Manchester United helped cross-town rivals Manchester City inch closer to defending the Premier League title Wednesday night at Old Trafford. Two second-half goals from Bernardo Silva and Leroy Sané ensured Manchester remained blue and left the Red Devils with even more questions about the state of affairs at Old Trafford.
United started the contest in full control, but Pep Guardiola’s men slowly began chipping away at what little confidence Ole Gunnar Solskjaer’s side brought to the derby. By the time the hosts could muster any desire to compete, Andre Marriner’s final whistle blew and United slowly found themselves in a losing battle for a top-four finish.
Here are three things we learned from Manchester United’s 2-0 defeat against Manchester City.
David de Gea has another terrible, horrible, no good, very bad match
David de Gea has been United’s savior more than he’s been a liability. As of late however, it appears the Spaniard has undergone a frustrating dip in form, and it comes at a rather inopportune moment as he seeks a long-term extension to remain at Old Trafford.
The former Atletico Madrid keeper donned the captain’s armband Sunday against Everton, and took some responsibility for the 4-0 thrashing that left a bitter taste in the mouths of fans and critics alike.
Difficult to put what I am feeling today into words. As captain I want to say that the performance of the team today, on top of the result, was not up to the standard expected when you pull on this shirt...— David de Gea (@D_DeGea) April 21, 2019
Perhaps there was nothing the 28 year-old could do to prevent Silva’s opener; however, de Gea mustered just a leg on Sané’s attempt only for the ball to cut into the side-netting and double the opponent’s lead. With a team deficient in players who can assure supporters better days are on the horizon, De Gea’s spell of disappointment is a circumstance many did not see coming.
Solskjaer has his work cut out for him
The next two transfer windows are perhaps the most important of Manchester United’s history in the post-Sir Alex Ferguson years. The additions of Paul Pogba, Anthony Martial and arguably Romelu Lukaku have provided short-term satisfaction over the last couple years. On the other end, United also grossly overpaid for the services of Alexis Sánchez and Nemanja Matić, a regret that will probably take years to overcome.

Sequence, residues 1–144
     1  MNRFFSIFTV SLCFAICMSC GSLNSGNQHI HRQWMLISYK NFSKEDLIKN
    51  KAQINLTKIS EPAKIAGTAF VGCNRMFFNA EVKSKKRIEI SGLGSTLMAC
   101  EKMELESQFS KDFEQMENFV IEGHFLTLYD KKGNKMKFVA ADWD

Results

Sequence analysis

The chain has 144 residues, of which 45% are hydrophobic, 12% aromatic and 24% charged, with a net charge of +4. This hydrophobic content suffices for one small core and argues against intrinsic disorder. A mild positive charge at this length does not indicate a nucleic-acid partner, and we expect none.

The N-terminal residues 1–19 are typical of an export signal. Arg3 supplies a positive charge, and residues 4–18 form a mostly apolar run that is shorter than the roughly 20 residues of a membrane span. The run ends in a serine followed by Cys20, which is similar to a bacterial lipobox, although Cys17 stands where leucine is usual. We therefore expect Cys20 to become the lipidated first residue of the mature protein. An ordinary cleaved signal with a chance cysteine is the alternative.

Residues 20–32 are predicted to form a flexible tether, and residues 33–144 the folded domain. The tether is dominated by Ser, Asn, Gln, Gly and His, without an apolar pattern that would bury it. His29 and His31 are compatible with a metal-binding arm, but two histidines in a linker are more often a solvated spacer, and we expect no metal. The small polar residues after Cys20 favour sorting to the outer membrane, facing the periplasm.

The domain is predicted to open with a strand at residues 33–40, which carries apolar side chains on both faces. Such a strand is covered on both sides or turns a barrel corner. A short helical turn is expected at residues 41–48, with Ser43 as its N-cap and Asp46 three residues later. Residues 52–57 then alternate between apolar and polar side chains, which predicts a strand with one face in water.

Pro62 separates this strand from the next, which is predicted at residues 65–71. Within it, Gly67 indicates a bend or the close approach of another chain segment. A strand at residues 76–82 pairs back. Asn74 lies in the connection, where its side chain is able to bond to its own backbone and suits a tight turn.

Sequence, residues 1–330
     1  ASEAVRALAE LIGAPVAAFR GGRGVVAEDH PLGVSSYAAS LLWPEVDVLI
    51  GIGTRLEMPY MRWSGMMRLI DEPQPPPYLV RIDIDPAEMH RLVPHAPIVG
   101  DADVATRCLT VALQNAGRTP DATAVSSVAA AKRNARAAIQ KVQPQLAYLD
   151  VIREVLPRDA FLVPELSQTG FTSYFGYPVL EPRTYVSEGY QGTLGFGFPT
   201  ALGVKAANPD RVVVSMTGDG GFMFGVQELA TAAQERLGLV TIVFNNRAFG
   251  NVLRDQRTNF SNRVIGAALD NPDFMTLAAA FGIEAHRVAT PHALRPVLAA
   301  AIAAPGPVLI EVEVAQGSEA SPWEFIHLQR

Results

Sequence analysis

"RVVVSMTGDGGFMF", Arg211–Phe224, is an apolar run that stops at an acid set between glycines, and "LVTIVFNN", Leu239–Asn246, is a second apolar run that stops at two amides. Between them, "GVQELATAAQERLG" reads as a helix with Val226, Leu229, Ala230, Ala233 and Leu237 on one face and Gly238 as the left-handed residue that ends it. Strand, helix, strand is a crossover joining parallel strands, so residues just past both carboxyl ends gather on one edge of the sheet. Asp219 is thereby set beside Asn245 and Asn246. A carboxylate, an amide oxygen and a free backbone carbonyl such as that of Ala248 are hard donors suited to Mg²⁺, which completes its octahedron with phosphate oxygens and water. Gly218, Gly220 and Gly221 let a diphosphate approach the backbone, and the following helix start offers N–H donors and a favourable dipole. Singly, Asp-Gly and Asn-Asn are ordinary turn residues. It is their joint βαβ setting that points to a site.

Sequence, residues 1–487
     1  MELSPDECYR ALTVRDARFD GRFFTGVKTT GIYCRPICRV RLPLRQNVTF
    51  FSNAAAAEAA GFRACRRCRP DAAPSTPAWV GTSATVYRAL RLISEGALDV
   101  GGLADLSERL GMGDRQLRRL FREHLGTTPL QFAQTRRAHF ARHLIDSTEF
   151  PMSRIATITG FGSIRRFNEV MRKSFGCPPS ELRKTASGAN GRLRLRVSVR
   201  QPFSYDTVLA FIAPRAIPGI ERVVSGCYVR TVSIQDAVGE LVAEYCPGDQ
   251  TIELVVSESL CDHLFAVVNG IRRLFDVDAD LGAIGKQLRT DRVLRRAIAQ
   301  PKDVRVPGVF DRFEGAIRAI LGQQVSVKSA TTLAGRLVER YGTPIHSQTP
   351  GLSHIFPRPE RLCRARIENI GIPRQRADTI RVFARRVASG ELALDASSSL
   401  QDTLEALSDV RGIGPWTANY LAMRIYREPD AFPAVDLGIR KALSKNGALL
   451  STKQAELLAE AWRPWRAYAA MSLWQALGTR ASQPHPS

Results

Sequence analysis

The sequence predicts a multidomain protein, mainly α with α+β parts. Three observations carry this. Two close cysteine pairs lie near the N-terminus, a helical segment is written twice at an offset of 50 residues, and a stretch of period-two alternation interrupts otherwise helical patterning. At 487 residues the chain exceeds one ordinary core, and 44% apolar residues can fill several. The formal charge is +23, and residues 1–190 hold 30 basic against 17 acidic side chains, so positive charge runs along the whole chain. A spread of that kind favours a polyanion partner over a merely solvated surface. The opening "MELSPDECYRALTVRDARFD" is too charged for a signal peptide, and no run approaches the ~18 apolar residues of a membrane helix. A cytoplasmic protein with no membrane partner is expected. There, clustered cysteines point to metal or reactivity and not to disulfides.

United’s defeat puts them at seven losses in the last nine outings, their worst streak since 1962. With just two clean sheets at home this entire year and already 50 goals conceded with three games remaining, it’s tough to envision United returning to compete alongside the best clubs in Europe next year. With that being said, Solskjaer now has the responsibility to recruit star athletes on the promise that a domestic title is the highest for which they’ll be able to compete.
There’s self-awareness in the dressing room
Everything that could have gone wrong this year for the Red Devils has gone wrong, and thankfully the players have recognized they too are a huge part of the complications that have rendered this team unwatchable for the last month.
Marcus Rashford had nothing but sobering confessions regarding his side’s performance Wednesday night.
“Today we didn’t play like Manchester United,” Rashford said to Sky Sports. “It’s not right. The bare minimum is to work hard and give all for the badge, the supporters, the club and yourself.”
The Englishman continued: “It has been a tough road to get to where we are, to get there and not be putting up the same performances as we were in January is disappointing.
“We know what’s been going wrong, it’s mentality and willingness to run for your team. Forget the league and top four, you don’t lose this game.”
In his defense, United started the derby well, amassing promising chances in the first 15 minutes. While it quickly faded, it seems the feedback given to them by Solskjaer following the 4-0 embarrassment at Goodison Park weighed heavy on their shoulders as the Red Devils took the pitch Wednesday evening.
At least in this contest, Manchester United can’t be blamed for a shameful lack of effort. But they’re deficient in several key areas. They are inferior to many sides in the Premier League and if they don’t find agreeable solutions to their list of troubles, they may never near the potential of Manchester City.